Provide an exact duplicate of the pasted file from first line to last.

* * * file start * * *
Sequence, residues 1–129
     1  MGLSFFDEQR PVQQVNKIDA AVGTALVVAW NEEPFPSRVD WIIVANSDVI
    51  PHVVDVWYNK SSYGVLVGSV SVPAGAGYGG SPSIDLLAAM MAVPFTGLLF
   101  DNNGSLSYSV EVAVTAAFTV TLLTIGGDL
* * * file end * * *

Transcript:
Sequence, residues 1–129
     1  MGLSFFDEQR PVQQVNKIDA AVGTALVVAW NEEPFPSRVD WIIVANSDVI
    51  PHVVDVWYNK SSYGVLVGSV SVPAGAGYGG SPSIDLLAAM MAVPFTGLLF
   101  DNNGSLSYSV EVAVTAAFTV TLLTIGGDL